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Detection and location of faults in a multiconductor transmission line

Département Architectures Conception et Logiciels Embarqués (LIST-LETI)

Laboratoire Fiabilité et Intégration Capteur

01-09-2019

SL-DRT-20-0890

moussa.kafal@cea.fr

Factory of the future incl. robotics and non destructive testing (.pdf)

The proper functioning of a distribution network depends on the ability to quickly detect the occurrence of faults, such as discharges, short circuits or the penetration of moisture in the cables. If the nature of these defects depends on the application context, the techniques used to detect them depend essentially on the ability to request a cable with test signals, and to monitor the appearance of response signals that would testify to the existence of a modification in the cables. While this approach is clear in the case of standard cables consisting of two conductors, the case of Multiconductor cables remains more complex to deal with. Indeed, applying test signals to a pair of conductors typically causes parasitic excitation of nearby conductors, because of the electromagnetic coupling that connects them. This phenomenon can considerably complicate the interpretation of the results of a test, by creating an ambiguity in the identification of the faulty driver, because several drivers can couple with those actually under test. In this thesis, the coupling will be considered as an opportunity, because it allows to probe a larger number of drivers at the same time. The intrinsic ambiguity of such a proposition can be removed by repeating the tests on several pairs of conductors. It then seems interesting to define optimum choice strategies of drivers to test to cover the largest number of neighboring drivers, without testing all possible combinations. In this sense, this proposal is parsimonious, introducing the concept of effective test surface covered from a pair of conductors. A promising decision strategy for identifying a failing driver is provided by Bayesian tree and graph-based approaches. These tools make it possible to cross the information obtained in order to identify an explanatory model, here the faulty driver. Among the advantages of this approach we can count on their ability to integrate qualitative information, such as the typology of the defect, and to provide a result formulated in terms of probabilities associated with each possible scenario, thus qualifying the interpretation of results and to assess their reliability, unlike purely numerical methods. It will then be necessary to carry out a preparatory work, making it possible to evaluate the probability a priori of observing parasitic signals from a fault on a neighboring conductor. This work will be based on the study of line theory and will provide the link between the physical aspects of Multiconductor propagation and the observables considered during the tests.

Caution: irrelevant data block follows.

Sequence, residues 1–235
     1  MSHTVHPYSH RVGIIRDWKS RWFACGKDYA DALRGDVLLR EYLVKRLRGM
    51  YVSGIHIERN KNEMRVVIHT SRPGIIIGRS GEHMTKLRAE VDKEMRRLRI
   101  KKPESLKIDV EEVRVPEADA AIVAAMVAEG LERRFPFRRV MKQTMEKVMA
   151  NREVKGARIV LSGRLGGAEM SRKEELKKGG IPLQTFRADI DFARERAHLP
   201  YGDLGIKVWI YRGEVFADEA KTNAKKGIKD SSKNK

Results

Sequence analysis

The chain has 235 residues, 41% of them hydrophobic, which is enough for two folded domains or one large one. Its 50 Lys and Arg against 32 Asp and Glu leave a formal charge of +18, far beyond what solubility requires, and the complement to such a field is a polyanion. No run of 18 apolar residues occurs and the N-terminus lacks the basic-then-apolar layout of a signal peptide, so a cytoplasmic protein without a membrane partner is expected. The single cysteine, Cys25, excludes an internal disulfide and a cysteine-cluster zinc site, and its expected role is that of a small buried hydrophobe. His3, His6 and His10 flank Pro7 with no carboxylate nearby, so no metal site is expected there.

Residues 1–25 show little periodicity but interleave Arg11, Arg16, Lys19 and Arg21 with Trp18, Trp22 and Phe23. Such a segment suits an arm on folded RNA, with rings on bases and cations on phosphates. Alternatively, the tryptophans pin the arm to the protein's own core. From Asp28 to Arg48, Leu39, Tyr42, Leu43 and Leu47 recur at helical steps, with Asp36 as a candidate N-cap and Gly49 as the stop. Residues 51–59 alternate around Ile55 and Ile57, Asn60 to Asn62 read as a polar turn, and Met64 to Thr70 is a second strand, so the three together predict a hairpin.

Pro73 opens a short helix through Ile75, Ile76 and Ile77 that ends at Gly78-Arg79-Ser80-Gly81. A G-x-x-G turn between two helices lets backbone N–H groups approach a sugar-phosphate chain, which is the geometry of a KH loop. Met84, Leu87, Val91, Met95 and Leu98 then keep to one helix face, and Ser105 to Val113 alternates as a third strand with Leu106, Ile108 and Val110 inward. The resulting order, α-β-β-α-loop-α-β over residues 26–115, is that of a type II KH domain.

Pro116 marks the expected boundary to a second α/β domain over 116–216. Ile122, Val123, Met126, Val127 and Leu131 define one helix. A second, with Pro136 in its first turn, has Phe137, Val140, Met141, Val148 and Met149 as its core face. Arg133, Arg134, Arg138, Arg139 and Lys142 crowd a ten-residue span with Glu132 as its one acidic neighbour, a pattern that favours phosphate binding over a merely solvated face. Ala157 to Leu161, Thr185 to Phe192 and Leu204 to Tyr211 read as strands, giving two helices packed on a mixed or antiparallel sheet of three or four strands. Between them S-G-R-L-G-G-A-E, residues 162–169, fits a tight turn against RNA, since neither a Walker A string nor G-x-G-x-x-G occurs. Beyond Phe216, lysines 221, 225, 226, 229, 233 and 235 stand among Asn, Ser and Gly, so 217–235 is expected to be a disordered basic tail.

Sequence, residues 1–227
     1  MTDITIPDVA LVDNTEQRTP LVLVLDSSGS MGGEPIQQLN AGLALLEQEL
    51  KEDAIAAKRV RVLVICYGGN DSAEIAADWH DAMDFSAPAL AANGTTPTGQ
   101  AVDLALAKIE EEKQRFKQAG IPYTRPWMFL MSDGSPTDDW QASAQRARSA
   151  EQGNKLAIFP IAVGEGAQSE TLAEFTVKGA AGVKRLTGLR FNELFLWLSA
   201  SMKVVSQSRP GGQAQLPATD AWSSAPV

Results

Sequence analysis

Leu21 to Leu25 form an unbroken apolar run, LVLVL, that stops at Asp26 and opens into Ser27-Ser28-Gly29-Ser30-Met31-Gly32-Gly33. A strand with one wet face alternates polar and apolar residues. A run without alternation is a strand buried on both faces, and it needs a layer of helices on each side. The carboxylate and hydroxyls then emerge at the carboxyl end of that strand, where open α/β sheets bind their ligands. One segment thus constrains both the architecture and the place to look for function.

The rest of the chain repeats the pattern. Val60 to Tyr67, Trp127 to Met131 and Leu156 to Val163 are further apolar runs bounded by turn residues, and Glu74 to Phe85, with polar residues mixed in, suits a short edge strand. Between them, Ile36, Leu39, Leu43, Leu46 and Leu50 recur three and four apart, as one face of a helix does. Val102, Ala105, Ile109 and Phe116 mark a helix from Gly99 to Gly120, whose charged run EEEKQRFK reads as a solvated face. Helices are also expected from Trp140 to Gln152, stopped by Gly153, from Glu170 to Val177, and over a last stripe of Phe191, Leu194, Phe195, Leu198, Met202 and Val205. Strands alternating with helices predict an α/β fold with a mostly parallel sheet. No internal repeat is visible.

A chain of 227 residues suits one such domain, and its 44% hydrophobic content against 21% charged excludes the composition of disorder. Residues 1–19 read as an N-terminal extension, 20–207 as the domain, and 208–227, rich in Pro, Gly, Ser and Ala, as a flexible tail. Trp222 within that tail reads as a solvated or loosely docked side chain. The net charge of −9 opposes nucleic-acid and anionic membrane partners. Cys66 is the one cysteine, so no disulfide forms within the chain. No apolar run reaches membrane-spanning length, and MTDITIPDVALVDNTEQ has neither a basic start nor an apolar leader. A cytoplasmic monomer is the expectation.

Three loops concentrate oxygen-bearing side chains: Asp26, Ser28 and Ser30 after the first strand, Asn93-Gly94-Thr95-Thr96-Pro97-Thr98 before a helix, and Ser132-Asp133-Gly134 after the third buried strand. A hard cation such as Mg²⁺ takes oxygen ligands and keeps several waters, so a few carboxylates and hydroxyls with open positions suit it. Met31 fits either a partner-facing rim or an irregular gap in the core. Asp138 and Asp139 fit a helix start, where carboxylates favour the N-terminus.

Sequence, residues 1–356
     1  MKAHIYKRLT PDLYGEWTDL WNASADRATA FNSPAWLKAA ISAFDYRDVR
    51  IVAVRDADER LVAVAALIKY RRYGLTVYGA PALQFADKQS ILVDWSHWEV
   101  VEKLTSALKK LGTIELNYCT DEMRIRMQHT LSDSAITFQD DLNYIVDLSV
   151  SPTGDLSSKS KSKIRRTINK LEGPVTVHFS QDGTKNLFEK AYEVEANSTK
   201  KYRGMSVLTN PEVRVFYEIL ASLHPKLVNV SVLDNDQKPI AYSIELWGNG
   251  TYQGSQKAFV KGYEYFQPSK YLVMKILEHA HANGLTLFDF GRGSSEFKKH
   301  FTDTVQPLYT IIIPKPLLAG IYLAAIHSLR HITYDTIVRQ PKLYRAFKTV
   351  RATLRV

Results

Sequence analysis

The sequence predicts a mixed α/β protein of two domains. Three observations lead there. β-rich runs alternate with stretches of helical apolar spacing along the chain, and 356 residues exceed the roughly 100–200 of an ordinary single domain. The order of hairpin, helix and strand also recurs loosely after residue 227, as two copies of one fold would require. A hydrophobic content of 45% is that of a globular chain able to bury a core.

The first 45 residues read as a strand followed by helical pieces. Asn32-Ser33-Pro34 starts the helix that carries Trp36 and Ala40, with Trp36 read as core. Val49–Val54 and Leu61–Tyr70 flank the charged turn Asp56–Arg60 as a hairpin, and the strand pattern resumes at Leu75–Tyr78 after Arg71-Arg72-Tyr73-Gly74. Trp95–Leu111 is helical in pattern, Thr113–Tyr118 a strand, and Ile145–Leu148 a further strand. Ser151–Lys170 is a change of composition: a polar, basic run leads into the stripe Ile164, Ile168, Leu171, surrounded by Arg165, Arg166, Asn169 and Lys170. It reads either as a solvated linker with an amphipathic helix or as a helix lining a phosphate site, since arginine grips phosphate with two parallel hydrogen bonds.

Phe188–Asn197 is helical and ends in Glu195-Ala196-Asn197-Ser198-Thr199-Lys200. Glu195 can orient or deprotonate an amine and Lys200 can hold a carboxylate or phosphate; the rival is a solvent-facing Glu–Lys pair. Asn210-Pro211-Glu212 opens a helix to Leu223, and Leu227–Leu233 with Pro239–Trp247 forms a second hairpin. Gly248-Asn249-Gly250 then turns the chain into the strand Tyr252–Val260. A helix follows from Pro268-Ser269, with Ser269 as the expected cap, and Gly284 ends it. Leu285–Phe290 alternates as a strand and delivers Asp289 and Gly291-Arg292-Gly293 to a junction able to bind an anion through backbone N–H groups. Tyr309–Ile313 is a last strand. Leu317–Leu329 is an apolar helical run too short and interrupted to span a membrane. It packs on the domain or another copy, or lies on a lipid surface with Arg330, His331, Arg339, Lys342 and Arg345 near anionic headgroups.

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Study of embedded prognostic strategies in wired networks based on temporal neural networks

Département Architectures Conception et Logiciels Embarqués (LIST-LETI)